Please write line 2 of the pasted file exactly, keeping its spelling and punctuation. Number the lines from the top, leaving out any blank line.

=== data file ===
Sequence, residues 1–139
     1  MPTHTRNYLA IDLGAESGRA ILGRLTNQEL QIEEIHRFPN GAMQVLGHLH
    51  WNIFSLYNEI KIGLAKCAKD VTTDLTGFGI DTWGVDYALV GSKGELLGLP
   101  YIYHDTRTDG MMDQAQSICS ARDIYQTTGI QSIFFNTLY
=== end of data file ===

     1  MPTHTRNYLA IDLGAESGRA ILGRLTNQEL QIEEIHRFPN GAMQVLGHLH